Depression and the Creative Professional

In March, 2014, I announced the launch of the Mobile Frame Zero 002: Intercept Orbit (originally, Alpha Bandit) Kickstarter. I had high hopes, as my three previous Kickstarters had gone well, succeeding with between 300% and 900% of my cash goal. Instead, the project wound up testing my limits as a creator and seriously, adversely affecting my mental health.

I promised my backers that I’d tell them what had happened when it was all over. Now it’s over and, rather than feeling like I’m complaining and making excuses, I feel like it’s time to share something that should give backers an opportunity to get a glimpse into the challenges faced by project creators, and give creators the reassurance that this isn’t just happening to them.

My initial intention was to publish the game as a small, supplemental set of rules to Mobile Frame Zero 001: Rapid Attack, printed on a heavy, cardstock, 11×17” poster, the equivalent of seven pages plus the front cover. But as I’d closed in on how to express the differences in the two games, I began to realize that I was touching nearly every rule, and the specification grew to 48 pages.

Back in 2012, I’d badly underestimated costs on Rapid Attack, estimating at $9000. If I’d met that minimum, I’d have been short by $2000. Instead, I had exceeded that minimum by 800%, which meant I had made $18,000 too little. $18,000 that was to be my salary from the yearlong project.

I wanted to learn from that mistake, so I took more care in estimating my costs, which bumped my minimum for project success up to almost $30,000.

Once the project launched, I experienced a further worrying phenomenon: while existing fans brought in $15,000 on the first couple of days, I couldn’t catch any of the press that Rapid Attack had received. I began biting my nails. 30 days later, the Kickstarter ended at just short of $37,000. At 120%, it was the closest any of my four Kickstarters had come to failure.

But those stressors are the same that I’d experienced with my earlier Kickstarters. The next stressor was the one that was personally toughest to handle.

I started the page design of the book, getting the text in order, turning my notes into a game, and sharing each draft as it became complete. I was really happy when I started seeing blog posts of the MoFØs playing Intercept Orbit, building cool micro spaceships and testing the mettle of their fleets and strategy. But I started to notice something going wrong: games were ending in effective stalemates, where fleets would simply run out of dice, costing them all of their decision-making capabilities. Eventually, players had no options but to tempt fate and ram each other.

That made the game, already slower than Rapid Attack, go much, much slower, ending with a randomly determined victor.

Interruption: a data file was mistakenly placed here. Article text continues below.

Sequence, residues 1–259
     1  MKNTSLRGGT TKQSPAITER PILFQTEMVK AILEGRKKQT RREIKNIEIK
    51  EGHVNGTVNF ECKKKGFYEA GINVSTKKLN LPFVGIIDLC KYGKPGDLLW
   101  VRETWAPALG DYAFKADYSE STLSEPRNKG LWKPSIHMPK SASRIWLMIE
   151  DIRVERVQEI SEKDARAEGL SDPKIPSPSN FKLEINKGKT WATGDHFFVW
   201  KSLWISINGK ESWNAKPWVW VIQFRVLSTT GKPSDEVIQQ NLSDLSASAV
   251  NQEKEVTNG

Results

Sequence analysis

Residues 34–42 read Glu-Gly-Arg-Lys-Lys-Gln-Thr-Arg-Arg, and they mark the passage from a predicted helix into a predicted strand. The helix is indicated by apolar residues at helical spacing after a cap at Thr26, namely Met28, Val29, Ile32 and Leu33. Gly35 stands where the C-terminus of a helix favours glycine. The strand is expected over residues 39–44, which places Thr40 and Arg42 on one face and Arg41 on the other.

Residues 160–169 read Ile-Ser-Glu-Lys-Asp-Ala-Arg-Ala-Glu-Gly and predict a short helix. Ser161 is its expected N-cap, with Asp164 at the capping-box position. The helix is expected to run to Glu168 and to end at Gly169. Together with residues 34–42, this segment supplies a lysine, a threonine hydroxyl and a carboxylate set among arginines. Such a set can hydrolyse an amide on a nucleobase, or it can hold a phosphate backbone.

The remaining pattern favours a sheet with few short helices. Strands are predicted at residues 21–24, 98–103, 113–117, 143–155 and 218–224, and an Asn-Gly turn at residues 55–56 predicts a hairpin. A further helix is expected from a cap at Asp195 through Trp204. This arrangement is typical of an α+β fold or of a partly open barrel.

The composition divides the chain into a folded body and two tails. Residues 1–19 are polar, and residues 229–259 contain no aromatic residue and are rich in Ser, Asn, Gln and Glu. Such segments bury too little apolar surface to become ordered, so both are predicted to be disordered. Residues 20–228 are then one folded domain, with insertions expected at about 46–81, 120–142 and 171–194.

It was bad. It was exactly what one worries about when designing a game. A loss of player control. A loss of player investment, throwing one’s fate to the winds.

It wasn’t happening every time, of course. But my calculations when designing the game had said that this should almost never happen. And it happened twice in perhaps five playtests.

Economic theory stands on this broad, stable foot of one assumption: that humans are rational actors, that they act in their own best interest. There are many arguments that say that this broad, stable foot is made of clay. I’m inclined to agree. We respond first and most strongly to our own emotions.

I started seeing this failure of game design — of my game design — as an overwhelming, personal one. It was a denunciation of my abilities as a game designer; the final proof that I don’t have what it takes, and that I was letting down almost a thousand backers who had faith in my ability to deliver an enjoyable social experience.

I went through the complete cycle of emotions.

  1. First, I was simply stunned. I couldn’t imagine why this was happening.
  2. Then I decided that it was a probabilistic fluke. It was unlikely, but it could still happen twice, right?
  3. When that started to feel implausible, I got mad at the players: why were they playing like that? It was stupid and they were just doing it because collisions are flashy. The were ruining my game.
  4. I considered a simple patch: warning the players that this was a dangerous outcome if they played a certain way, if only I could figure out how to express what that way was.
  5. Then I realized that none of this was true. I had written a bad game. It had a major rot in its heart and I was incapable of seeing what was going on. I just wasn’t up to the challenge of resolving this profound, endemic flaw.

This is where things really went off the rails, not just for the project, but for me, personally.

I remained frozen in this position for an entire year. I couldn’t even look at the text. After all, I’d already looked at it so, so much, right? How would looking at it more help?

In the meantime, I was rapidly running out of money. A large line item had turned off to be off by almost 100%, handily absorbing my profit. Shipping was threatening to jump again. The text had grown to 100+ pages, badly threatening my still-slim print budget. Entire sections were showing themselves to be unclear when I looked at the questions that playtesters had. It was a disaster. The only conclusion I could draw was that I was incompetent in my medium.

Throughout this process, I was dragging myself to the Owl & Raven creative space daily, trying to find the motivation to work on the text beside my fellow creators, primarily Hannah Shaffer and Evan Rowland. But working on other games made me feel guilty because I wasn’t fixing Intercept Orbit. I couldn’t even get my ass to the coworking space before 2 in the afternoon. Nothing could make me care enough to push myself forward to resolve the issues I was having.